Ah, summer. It’s the season that brings warm days, abundant wildflowers, fresh peaches, and promotional emails from farm organizations.
It’s my fascination with marketing that keeps me on the constant lookout for others’ strategies. Often for a little humor, I’ll open emails from the Big Boys to see what angle they are working in unending attempts to generate exuberant enthusiasm for generic products.
The Fourth of July was recently their targeted occasion, and price, as usual, was in the crosshairs of the campaign: “People in Pennsylvania will pay less for their cookout this year!” The message came complete with a graph proving that a PA shopper would indeed save 74 cents on a pack of hot dogs compared to the national average, followed by step-by-step instructions explaining exactly how a farmer should use this information to promote agriculture in the state. Neat.
To the casual consumer, such a proclamation probably looks pretty good: hey, we can save a few bucks this year — cool. And farmers love to endorse the abundance of food that pours forth from modern production technologies, so passing the memo along to the dining public is quite fun to do, especially if we can work in a mention of our big tractor.
Just for a hoot, however, let’s look at the money saving agenda with a little more scrutiny. Stated another way, we’re telling people that the agricultural community works hard to create a cheap end product. Our business creates cheap food. Yeah, that’s it: Farmers are the champions of cheap. And consumers should be happy about that.
I don’t think that campaign would work well in another industry. Be honest: when you cheap out at the store and buy the inexpensive version of some widget, you don’t really believe your brand-spanking new knockoff will exceed your expectations, do you? When purchasing nearly every other consumer product, we inherently anticipate the cheapest option to be low quality and not work very well. So why do we expect anything different from our food?
Perhaps more perplexing is the reality that professional farmer organizations are the source of such public relations memos. A quick examination of the mission statements from such associations will reveal, universally, a commitment to and desire for the promotion and betterment of agriculture and the people involved in the vocation. To me, seeking to further the livelihood of a community while simultaneously advertising a race to the bottom of the price meter seems incongruous.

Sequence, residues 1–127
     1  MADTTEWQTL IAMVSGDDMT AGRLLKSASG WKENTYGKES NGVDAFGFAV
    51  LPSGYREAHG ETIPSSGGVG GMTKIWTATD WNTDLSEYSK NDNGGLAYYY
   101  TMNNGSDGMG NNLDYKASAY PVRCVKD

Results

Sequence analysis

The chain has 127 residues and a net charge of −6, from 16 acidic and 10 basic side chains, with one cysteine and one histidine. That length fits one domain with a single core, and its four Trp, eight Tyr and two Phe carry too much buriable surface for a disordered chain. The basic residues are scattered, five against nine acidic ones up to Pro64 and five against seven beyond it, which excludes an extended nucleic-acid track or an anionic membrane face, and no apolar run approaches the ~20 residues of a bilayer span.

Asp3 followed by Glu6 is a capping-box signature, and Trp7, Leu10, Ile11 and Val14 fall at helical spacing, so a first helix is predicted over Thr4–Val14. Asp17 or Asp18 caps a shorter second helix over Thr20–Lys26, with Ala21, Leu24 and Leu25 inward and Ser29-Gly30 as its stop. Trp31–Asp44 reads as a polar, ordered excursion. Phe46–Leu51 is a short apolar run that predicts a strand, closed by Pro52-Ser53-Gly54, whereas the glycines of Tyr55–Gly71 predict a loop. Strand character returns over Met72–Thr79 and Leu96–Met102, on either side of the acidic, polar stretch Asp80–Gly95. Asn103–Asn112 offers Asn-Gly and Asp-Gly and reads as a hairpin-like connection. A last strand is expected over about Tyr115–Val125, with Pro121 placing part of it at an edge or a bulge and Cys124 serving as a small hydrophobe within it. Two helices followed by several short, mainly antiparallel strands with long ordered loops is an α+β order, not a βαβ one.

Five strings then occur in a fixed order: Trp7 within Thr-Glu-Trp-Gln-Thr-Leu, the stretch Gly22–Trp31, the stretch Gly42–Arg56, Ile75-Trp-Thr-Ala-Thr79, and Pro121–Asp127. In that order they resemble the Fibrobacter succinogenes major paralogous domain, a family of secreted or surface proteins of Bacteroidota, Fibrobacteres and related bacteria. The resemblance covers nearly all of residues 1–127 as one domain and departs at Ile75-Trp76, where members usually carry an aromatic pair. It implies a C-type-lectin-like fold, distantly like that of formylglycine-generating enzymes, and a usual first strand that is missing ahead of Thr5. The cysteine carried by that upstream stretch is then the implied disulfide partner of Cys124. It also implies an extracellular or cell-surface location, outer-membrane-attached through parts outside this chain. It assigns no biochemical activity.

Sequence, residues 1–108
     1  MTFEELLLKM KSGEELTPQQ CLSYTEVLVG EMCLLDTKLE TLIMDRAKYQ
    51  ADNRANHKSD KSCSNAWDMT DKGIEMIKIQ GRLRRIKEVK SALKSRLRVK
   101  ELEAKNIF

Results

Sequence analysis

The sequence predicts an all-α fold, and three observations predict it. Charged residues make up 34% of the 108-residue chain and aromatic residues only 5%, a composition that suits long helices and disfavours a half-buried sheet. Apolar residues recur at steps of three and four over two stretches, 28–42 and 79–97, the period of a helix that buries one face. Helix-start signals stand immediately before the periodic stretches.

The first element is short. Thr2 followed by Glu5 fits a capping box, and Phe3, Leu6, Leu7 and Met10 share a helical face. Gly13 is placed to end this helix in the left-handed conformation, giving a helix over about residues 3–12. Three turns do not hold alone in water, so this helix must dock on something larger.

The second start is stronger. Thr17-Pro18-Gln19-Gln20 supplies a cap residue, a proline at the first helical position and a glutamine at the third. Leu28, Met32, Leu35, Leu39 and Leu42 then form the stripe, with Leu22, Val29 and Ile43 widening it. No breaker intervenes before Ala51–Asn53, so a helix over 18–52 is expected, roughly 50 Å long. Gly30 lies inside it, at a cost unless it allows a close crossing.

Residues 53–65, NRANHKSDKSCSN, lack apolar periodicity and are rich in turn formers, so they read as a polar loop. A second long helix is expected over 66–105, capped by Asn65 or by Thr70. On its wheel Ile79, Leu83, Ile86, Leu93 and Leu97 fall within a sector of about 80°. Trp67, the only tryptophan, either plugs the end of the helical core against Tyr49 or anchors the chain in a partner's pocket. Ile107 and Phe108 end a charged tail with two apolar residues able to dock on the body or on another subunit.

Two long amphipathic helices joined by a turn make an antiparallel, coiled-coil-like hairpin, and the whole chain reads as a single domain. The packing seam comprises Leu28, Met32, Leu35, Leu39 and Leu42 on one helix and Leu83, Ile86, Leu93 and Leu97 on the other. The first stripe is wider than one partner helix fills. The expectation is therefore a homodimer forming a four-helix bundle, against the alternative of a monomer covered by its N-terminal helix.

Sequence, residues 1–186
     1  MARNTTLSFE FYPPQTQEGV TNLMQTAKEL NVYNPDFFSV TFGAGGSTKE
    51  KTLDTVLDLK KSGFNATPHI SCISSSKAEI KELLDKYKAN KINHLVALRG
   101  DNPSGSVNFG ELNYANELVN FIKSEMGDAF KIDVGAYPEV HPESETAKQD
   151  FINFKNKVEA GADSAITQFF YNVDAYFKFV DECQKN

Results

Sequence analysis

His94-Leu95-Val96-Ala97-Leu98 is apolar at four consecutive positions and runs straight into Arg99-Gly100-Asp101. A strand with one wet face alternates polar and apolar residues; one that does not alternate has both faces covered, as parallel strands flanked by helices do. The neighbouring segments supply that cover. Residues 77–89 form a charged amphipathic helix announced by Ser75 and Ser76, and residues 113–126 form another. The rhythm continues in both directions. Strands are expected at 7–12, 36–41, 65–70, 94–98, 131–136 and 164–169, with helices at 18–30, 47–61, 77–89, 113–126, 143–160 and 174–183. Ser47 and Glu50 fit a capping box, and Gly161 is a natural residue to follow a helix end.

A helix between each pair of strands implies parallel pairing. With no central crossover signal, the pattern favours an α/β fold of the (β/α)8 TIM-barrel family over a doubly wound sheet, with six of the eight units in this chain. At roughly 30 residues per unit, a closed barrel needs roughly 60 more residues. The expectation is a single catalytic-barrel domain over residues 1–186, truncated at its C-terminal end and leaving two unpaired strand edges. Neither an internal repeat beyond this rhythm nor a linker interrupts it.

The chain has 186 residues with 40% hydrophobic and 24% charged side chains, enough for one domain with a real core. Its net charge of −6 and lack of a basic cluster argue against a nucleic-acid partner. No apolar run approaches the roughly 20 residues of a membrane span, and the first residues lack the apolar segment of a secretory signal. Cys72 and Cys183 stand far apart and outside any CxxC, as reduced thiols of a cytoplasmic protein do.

Alan Guebert, in his Farm and Food File, recently described a Canadian study revealing that agribusiness vacuumed up a vast majority of Canuck farm revenue — 98 percent — between 1985 and 2016. The same is largely true for modern American farmers, I suspect. Of the massive wealth that is generated by the food industry, farmers are receiving nothing but the crumbs, yet here we are taking notes on how to tell consumers to expect low prices. The information we’re studying is created and distributed by organizations often heavily supported by major players in agribusiness. Oh, the weird world we live in.
Maybe it’s time we stop “needing” cheap food. A quick mention of rising food prices immediately causes hand wringing and sighs of anxiety as shoppers proclaim that household budgets simply cannot support more expensive food, yet phone, Internet and television rates continue to rise and nobody bats an eye as they purchase a top-tech connected device for the whole family. We want entertainment, after all. And we’ll max out our paycheck on a new car because we can get one without any reliable payment history, and it’s pretty easy to shop online at night when logic has departed from our decision making process, and social adventures four nights a week really do a number on our savings. These expenditures are fine, but, darn it, don’t think about suggesting chicken breasts might break 50 cents a pound.
I’ve read that consumers will often pay more for something they want, and will often seek the lowest price for something they need. If farm organizations are to actually start doing some good for American farmers, it seems to me their membership-derived resources would be much better spent encouraging eaters to desire a higher quality product to feed their family. Use that grassroots network to change the lexicon of households: food is more valuable than unlimited data for our 12-year-old.
Given the rise of noninfectious diseases that are debilitating our population, I believe it is at least possible to assume the cheap food we’ve been cranking out and consuming, much like generic Duct Tape, is of low quality and is not working very well. If we’re ever going to stop the trend, farmers have to lead the charge by redirecting their attention from producing as much as possible to creating the highest quality possible. We must return the Cheap Food message to the sender, take matters into our own hands, and leave agribusiness out on their own to continue rallying support for something that’s not good for anyone but themselves.
Can you imagine what our landscape would look like if everyone in Pennsylvania cut their monthly cell phone bill in half and spent the difference on locally produced foods because they wanted to? Ha! That’s a world I want to live in. Maybe I’ll see you there someday.
[John-Scott farms with his family just outside of Clarion. He can be reached at firstname.lastname@example.org.]